Sacral Neuromodulation for Pelvic Pain Associated With Endometriosis

  • participants needed
  • sponsor
    Seinajoki Central Hospital
Updated on 1 July 2022
pelvic mri
pelvic pain
transvaginal ultrasound
endometriosis surgery


The purpose of this study is to find out if sacral neuromodulation is an effective treatment for pelvic pain associated with surgically treated endometriosis.


Endometriosis is typically associated with severe pelvic pain and pain is often combined with dysfunctional symptoms of the urinary bladder and the bowel. Endometriosis impairs the health-related quality of life and pain is the main reason for the decreased quality of life. When the primary endometriosis treatments, i.e. hormonal therapy and surgery, fail to alleviate pain or symptoms recur after successful treatment, the options are often limited. Recurrent or long-lasting endometriosis pain commonly involves neuropathic pain component with periferal or central sensitisation to pain. This kind of pain is likely more resistant to traditional endometriosis treatments and thus neuromodulation offers a logical treatment option.

There are some case series and at least one randomized trial describing the effect of Sacral Neuromodulation in chronic pelvic pain associated with interstitial cystitis and painful bladder syndrome. These reports indicate that Sacral Neuromodulation may be effective in treating chronic pelvic pain but the level of evidence is low. There is one report on long-term pelvic pain with Visual Analogue Scale score dropping from 8.1 to 2.1 and the effect lasting for five years. There are also few case reports on different difficult sacral area pain conditions treated successfully with Sacral Nerve Modulation. The common consensus seems to be that further studies are needed on the effects of Sacral Neuromodulation on chronic pelvic pain.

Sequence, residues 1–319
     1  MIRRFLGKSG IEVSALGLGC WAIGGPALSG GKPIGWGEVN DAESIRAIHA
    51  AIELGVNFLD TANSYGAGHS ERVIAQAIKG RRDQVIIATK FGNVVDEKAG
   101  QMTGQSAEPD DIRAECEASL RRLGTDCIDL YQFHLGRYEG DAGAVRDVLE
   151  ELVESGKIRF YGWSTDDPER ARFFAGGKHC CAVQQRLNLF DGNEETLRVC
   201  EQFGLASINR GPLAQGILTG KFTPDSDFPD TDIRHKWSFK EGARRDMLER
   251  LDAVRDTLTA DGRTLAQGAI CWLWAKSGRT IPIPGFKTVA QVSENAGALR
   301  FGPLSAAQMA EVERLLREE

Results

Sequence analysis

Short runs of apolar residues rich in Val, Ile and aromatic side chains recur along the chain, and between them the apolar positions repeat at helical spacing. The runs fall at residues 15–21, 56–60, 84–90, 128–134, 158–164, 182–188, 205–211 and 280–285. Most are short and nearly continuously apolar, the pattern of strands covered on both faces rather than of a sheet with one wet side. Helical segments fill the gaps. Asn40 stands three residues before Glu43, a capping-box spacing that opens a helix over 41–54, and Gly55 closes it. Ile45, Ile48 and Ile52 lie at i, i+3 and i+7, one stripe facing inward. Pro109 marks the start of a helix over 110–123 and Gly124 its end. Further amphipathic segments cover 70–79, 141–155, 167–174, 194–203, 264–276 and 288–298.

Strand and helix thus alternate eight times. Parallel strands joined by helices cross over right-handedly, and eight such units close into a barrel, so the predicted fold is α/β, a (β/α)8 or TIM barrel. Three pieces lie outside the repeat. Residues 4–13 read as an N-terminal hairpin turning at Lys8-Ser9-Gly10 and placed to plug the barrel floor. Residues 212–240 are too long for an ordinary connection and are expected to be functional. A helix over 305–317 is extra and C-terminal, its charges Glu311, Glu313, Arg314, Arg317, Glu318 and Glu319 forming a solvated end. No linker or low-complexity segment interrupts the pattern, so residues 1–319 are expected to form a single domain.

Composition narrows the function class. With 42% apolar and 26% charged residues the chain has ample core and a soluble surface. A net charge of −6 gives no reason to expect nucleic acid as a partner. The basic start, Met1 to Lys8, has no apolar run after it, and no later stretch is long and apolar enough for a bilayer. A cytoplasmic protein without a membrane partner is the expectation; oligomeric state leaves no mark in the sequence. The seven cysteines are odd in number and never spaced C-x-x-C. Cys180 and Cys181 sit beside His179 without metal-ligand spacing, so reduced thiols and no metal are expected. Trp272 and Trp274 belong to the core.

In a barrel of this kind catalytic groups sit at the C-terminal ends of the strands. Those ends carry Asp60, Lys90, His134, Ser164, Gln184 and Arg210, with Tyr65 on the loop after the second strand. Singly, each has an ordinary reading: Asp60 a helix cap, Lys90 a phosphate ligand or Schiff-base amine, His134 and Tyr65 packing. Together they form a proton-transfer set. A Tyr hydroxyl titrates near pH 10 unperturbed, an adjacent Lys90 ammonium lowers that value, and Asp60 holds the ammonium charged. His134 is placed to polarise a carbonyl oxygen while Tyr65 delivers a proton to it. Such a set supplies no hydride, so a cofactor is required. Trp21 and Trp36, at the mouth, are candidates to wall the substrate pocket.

This study aims to evaluate if sacral neuromodulation alleviates pelvic pain symptoms and related dysfunctional symptoms in surgically treated endometriosis patients and improves their health-related quality of life. The treating gynecologist does the screening for suitable patients and a signed informed consent is needed from the patients prior to entering the study. A test pulse generator is placed uni- or bilaterally under local or general anesthesia and used during a 2-3-week test period. A permanent pulse generator is placed if marked improvement of symptoms is detected, the patient is satisfied with the treatment and willing to continue. Women not responding to sacral neuromodulation will not receive a permanent generator. They are asked to continue in the 3 year follow-up and they serve as the control group if applicable.

Condition Endometriosis, Female Genital Diseases, Gynecological Infections
Treatment Sacral Neuromodulation
Clinical Study IdentifierNCT03139734
SponsorSeinajoki Central Hospital
Last Modified on1 July 2022

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